If “time is money,” you don’t want to wait to find out how much time rules your business and your life. Jumping into your own small business without a strategic business plan, however, just trades being a wage slave to being a time slave.
Time management is a strategy. You start to manage time as soon as you begin to structure your strategic business plan.
- § Draw a three-year plan, a horizontal rollout detailing revenues, expenses, income, etc. in detail.
- § Draw a 12-month plan in which you plan the first year in fine detail.
- § Draw monthly, weekly, and daily plans in turn where you structure a micro vision of your performance.
- § Draw a daily plan in hourly or shorter segments.
Now, the intent here is to bring order to your plans, to schedule performance, to keep time in its place. Such a strategic plan provides metrics on performance and clues to needed fixes. The plan is not inflexible, but you have a problem when the plan indicates time has gotten out of hand, when work is taking too much time, when you are not giving something the time it needs.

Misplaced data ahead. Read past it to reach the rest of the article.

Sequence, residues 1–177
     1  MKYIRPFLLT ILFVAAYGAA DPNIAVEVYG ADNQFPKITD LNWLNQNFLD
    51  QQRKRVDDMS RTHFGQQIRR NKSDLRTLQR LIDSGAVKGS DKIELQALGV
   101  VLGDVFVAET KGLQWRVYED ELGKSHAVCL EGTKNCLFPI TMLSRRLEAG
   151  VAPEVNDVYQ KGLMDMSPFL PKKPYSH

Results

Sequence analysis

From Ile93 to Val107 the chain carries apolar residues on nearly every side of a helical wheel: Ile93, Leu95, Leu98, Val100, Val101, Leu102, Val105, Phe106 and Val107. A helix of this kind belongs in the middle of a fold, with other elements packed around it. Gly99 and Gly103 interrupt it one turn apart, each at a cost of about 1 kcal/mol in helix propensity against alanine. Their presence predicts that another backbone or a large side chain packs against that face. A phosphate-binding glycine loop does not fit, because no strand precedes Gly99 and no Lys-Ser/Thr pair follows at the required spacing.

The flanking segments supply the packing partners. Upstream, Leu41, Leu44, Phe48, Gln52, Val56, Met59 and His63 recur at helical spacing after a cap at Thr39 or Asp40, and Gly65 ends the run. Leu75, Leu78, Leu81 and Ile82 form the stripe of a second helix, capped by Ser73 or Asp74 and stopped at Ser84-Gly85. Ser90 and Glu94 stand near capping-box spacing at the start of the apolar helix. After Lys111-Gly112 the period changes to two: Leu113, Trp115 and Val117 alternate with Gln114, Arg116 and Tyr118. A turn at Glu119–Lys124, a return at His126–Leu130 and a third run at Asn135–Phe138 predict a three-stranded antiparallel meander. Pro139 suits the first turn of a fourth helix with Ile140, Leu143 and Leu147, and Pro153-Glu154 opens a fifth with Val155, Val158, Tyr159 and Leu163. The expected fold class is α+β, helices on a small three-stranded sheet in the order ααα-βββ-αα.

The unemployment rate is one index of how insecure a job can be. When you work for others, your job security depends on the whim of a person or organization. When you own your own small business, you have many bosses; every customer is a boss. So, even when you lose a customer, you still have lots of others.
You trade being a wage slave for being a time slave when you enter business without a business plan that used time as a business tool, that includes time as a business function, and that respects time as a business partner.
By Steven Schlagel